10 August 2018, 15:30 GMT
Turkey’s macro challenges are numerous and well known: an overheating economy, a sizable external financing requirement, an outsized structural current account deficit, persistent double digit inflation, low net currency reserves and a large private sector debt burden. As a result of this, investor confidence in President Erdogan’s regime has been waning for much of the past year but key cabinet changes made after the 24 June elections have been particularly damaging for sentiment.
Source: Datastream, August 2018
The authorities managing the country’s economy and finances seem to have lost control of their currency and the rhetoric in recent days has illustrated a lack of responsibility in managing the crisis. Near term headline inflation expectations are quickly moving towards 20 per cent, which highlights just how inadequate the Central Bank’s policy rate of 17.75 per cent really is. The markets have been voting with their feet with foreign investors pulling money out of the country - exactly the opposite of what Turkey needs given its balance of payments instability.
Solutions are straightforward
While Turkey’s fundamental challenges are numerous, there are plenty of straightforward textbook solutions which, if implemented, can halt the downward spiral in investor confidence and asset prices. An aggressive interest rate hike from the central bank would be a good start - something of the order of +1,000 basis points that Argentina delivered back in May would be appropriate at this juncture. This would slow the economy, probably into a recession, which would help crunch the relentless demand for imports and alleviate some of the current account deficit problem.
Installing pragmatic technocrats into key positions in the government would be another seismic step forward, likely to result in almost immediate lower long-term financing costs for the country. Structural reforms would also be useful, including encouraging the expansion of the manufacturing and export sectors to diversify the country away from consumption and construction.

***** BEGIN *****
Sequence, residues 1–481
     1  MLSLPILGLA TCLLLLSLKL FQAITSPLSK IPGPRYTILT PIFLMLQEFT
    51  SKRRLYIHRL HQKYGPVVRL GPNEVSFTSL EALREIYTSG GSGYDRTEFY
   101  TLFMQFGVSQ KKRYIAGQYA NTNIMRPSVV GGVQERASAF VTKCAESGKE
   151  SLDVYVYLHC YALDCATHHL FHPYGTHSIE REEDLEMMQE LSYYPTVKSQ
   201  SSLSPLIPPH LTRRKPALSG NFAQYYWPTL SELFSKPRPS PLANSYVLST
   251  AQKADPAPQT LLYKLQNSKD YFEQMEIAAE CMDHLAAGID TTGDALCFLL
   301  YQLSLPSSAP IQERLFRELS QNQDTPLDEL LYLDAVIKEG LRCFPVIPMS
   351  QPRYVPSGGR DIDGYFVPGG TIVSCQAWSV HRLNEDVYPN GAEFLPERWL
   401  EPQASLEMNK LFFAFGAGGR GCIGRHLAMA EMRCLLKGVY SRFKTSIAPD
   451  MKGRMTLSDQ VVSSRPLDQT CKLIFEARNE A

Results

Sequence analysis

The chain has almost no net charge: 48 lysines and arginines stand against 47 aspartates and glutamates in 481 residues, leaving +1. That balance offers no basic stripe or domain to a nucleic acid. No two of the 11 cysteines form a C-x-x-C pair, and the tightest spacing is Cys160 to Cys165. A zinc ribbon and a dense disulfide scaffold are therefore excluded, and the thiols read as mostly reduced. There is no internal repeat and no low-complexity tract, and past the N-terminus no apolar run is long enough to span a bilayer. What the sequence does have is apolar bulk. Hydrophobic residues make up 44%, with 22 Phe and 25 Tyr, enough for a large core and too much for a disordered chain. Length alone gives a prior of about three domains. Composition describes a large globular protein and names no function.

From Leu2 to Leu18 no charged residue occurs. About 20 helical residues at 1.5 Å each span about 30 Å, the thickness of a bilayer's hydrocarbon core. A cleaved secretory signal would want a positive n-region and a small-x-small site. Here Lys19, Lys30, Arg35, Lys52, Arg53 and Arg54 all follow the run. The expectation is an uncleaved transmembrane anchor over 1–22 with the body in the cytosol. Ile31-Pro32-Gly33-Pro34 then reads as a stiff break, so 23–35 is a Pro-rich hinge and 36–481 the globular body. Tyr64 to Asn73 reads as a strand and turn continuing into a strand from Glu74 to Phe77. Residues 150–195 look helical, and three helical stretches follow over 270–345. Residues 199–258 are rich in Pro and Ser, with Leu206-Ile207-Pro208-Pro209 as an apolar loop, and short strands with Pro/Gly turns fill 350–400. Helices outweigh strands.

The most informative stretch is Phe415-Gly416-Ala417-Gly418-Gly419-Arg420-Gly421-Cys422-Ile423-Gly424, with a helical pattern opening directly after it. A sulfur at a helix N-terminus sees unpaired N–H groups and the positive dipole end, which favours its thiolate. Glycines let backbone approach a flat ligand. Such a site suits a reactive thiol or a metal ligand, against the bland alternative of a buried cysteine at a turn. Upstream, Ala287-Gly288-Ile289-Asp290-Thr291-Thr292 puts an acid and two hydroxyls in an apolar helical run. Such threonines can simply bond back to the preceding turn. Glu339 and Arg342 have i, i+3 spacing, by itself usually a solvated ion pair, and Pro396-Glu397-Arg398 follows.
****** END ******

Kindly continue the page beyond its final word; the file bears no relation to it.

Turkey’s awkward diplomatic relations with the West, and the US in particular, remain a deep concern for foreign investors and need to be addressed. Some fiscal austerity would also be welcome, especially given the large private sector external debt burden. Other beneficial measures include reforming the tax code to broaden the revenue base, boosting the country’s savings ratio, committing to the genuine independence of the central bank, and increasing flexibility in the labour markets.
In recent years investors have also fretted about Turkey’s ‘brain drain’ following the government’s clampdown on the education system, the judiciary and the media, which has damaged Turkey’s long term potential growth rate. A reversal of these controls would be cheered by foreign investors.
There has been talk in recent days about introducing capital controls to stem the lira’s aggressive depreciation, however, capital controls in isolation are not an appropriate solution given Turkey’s open economy and large external financing requirements. If we do see capital controls in Turkey they would need to be combined with other measures to be effective.
There has also been discussion around Turkey potentially receiving external financing support from the IMF or wealthy bilateral partners. Again, this would be welcome but not entirely necessary if Turkey takes its own medicine by reacting to the realities of the markets and responding to its imbalances in an appropriate way.
Turkey’s economy has many redeeming factors including a vibrant business focus, strong demographics, an educated population and a well-capitalised banking system. The solutions to the latest crisis are obvious to most of the market, but the question is whether the government is willing to adopt them.
The EM backdrop is troubling
While Turkey is struggling with its own domestic challenges, the exogenous backdrop for emerging markets as a whole remains troublesome. The theme of G3 central bank liquidity withdrawal is the most pertinent issue for all fixed income markets and this significant headwind is unlikely to change course anytime soon.
Ongoing trade tensions between the US and China are an additional obstacle for EM given the sensitivity of the asset class to global trade, while the US dollar remains undervalued based on growth and interest rate differentials between the US and the rest of the world. EM is also experiencing cooling growth momentum and higher inflationary pressures which is keeping investors on the backfoot. Other idiosyncratic themes, whether it’s elections in Brazil, the potential for more sanctions on Russia or China’s ongoing debt deleveraging, all add complexities to the EM picture.
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